Also, I mean, come on:
Richmond is just hilarious. Yes, his presence borders on the painfully stereotypical, but there's something vaguely enamoring about the techie who only seems to ever move the six yards between a few different computers. It's true, he's no Marshall Flinkman, but I like that even despite how limited his screen presence has been, he's still willing to bend the rules for Beckett -- a woman he's known barely two months. He's even the one to suggest bending the rules/breaking the law. I've gotta give the guy some credit.

Overall I've just been really pleased with how overwhelmingly positive the job has been. I can see Beckett being dissatisfied with it on some level, since despite the big step up in her own power, she's no more able to take down powerful people than she was in New York (RE: Bracken), but I'm surprised at how well she's integrated, how nice everyone is being. If I didn't know better, I could see the show staying here, and I could see Beckett being okay for it, especially since for once she seems to be around equals (don't get me wrong, I love the 12th and I look forward to her coming back into her family, but the reality is that Stack was right in noticing the glaringly obvious, that she was working below herself there; as much as I love Esposito and Ryan, sometimes they're nothing more than her scut-monkeys, and she clearly doesn't always respect their counsel). I don't see McCord cowing to her, just as I don't see Beckett feeling like Villante is an obstacle, and I'm really liking the shift in dynamic (though this could (and probably will) all change).

But moving beyond the AG/FBI, one of the other things I really liked about Dreamland was Martha's little subplot.
There was something really attractive to me about early s4, when both Martha and Alexis had an almost open dislike for Beckett and her world, because to them she represented a real threat to Castle's life. I was disappointed that this never went anywhere, but I like that here we see it resurface, if with a slightly different manifestation, because the reality is that Beckett does represent a real threat to Castle's life. Castle's brief visit and his tiny bit of bored, curious digging into a case nearly does lead to his death. Her world is just as toxic to him now as it ever has been, if not more so, and I like that when it came to Martha's subplot, for brief moments Beckett almost seemed like the villain of the tale.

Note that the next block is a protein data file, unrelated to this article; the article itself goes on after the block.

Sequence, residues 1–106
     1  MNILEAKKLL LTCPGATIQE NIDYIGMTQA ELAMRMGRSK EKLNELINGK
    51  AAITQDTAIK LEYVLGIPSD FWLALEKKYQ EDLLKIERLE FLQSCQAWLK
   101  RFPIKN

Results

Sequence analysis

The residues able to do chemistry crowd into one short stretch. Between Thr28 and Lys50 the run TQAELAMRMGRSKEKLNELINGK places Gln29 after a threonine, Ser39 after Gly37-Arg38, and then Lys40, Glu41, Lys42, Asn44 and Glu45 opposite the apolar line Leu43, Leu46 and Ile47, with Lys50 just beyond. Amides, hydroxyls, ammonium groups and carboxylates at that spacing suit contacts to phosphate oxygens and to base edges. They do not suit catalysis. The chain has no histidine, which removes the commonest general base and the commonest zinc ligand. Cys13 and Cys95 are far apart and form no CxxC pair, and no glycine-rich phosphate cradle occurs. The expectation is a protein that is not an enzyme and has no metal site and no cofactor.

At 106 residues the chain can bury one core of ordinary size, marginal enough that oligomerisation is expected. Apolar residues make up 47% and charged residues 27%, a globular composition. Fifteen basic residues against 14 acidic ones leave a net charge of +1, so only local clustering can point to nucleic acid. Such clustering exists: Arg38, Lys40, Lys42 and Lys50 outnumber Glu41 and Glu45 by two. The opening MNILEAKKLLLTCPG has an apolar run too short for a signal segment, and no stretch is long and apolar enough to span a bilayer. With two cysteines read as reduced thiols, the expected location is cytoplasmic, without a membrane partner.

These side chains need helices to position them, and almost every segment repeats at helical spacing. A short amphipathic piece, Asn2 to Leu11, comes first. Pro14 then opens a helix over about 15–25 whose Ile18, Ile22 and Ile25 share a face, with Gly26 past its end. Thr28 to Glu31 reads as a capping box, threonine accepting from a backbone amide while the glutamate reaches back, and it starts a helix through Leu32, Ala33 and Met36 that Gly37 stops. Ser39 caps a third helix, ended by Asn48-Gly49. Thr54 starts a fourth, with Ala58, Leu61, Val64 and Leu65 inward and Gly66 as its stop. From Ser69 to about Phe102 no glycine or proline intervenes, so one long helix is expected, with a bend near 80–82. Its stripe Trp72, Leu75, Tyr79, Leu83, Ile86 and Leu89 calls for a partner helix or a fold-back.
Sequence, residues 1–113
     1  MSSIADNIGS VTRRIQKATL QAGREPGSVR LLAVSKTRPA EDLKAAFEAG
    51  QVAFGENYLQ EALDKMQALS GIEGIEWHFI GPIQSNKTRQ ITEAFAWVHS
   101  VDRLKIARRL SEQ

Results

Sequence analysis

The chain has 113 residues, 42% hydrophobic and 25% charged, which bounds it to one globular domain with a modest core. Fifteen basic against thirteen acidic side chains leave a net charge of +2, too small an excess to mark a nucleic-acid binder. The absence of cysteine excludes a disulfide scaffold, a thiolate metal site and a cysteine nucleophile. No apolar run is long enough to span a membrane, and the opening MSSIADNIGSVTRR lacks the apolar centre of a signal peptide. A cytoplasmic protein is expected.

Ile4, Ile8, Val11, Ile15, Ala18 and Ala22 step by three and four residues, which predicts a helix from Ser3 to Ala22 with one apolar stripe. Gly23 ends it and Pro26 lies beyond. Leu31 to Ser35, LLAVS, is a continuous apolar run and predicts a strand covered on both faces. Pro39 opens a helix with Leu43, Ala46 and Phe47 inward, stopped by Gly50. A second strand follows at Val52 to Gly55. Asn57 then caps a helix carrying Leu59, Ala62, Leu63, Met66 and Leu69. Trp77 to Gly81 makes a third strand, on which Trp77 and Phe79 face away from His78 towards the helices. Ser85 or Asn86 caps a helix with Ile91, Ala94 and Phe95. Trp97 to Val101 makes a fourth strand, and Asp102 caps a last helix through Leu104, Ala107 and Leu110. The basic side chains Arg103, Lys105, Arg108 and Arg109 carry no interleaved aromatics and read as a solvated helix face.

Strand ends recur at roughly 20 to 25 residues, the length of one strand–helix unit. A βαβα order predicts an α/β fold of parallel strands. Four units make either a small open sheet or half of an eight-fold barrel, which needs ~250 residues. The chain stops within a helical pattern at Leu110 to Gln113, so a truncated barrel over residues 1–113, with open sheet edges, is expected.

Reasonable Esposito calling to gently ask what's going on, only to slam into the brick wall that is Defensive Beckett.
The audience can understand why Beckett's brusque here, but Esposito and Ryan are probably aware within a word that everything is most certainly wrong. From the perspective up in New York, Beckett is a lying, unreachable and immovable force, and I can only assume that the first time she calls to tell anyone the truth is when Castle's at the hospital, having only just barely avoided death. I'm disappointed we didn't have a scene in which Martha confronts her for her behavior. It's not to say I feel Beckett is to blame for any of what happened, but I can definitely see how Martha might feel she is (similar to how Alexis felt in one of my all time favorite moments of the series, during "Cops and Robbers" when she's glaring at Beckett, telling her Castle and Martha are "all she has"), and I really like to see the concerns surface again.

I think part of the reason why is because we're reminded again through the "Valkyrie"/"Dreamworld" TBC that Beckett and Castle's relationship probably isn't going to end in the usual way (divorce, time, old age): that one of them is almost certainly going to die prematurely before they're able to. I say that because we open "Valkyrie" with Beckett getting shot point blank in the chest multiple times and we close "Dreamworld" with Castle lying in a hospital bed. I think Martha is painfully aware of this, and I bet this is something both she and Alexis have been struggling with for awhile now (or, at least, I like to imagine that).
And that's exactly the sort of stuff that makes me get my fangirl on.

You know what else does? This guy.
"I know a guy at the ACLU!"
Ugh, Pi, you're so precious, I just want to smush you like a ball of fresh dough and then run it over a few times to make sure it's good and dead.
Actually, he really doesn't. He's just fricking hilarious, and I couldn't figure out a segue.

Anyway, for real this time, you know what else gets my fangirl on?
All this.
I loved Beckett in "Dreamworld." She was the fierce, never-say-die Beckett who captured my attention at some point in s1, whose actions in "Knockdown" pretty much cemented her place in my heart. I loved her going after Reed without seeming to really care about the fallout, I loved her staring at him with an open hatred that probably would've shriveled a lesser man's balls. She seems to have grown into her new position, especially as she bellows "national security!" and "federal agent!" as if they hold the power to unlock any door. And I loved her refusal to even entertain the possibility that Castle might not live through the day, even as he sits there making increasingly unfunny jokes about it. There was something about Beckett leaving Castle on Reed's perfectly manicured lawn to go after Parker that spoke to me -- because she's a woman of action, not one to sit there beside him holding his hand and waiting for McCord. We see in her pain and retribution, but not helplessness.

To be frank, there was nothing in "Dreamworld" that I truly didn't like, and I've run out of cogent analysis. For once I feel no need to complain. I was really happy with the episode. At this point I can only hope that the next episode is as good.
Hey, Beckett, you know who probably couldn't get the drop on you?
Please just shoot him the face already.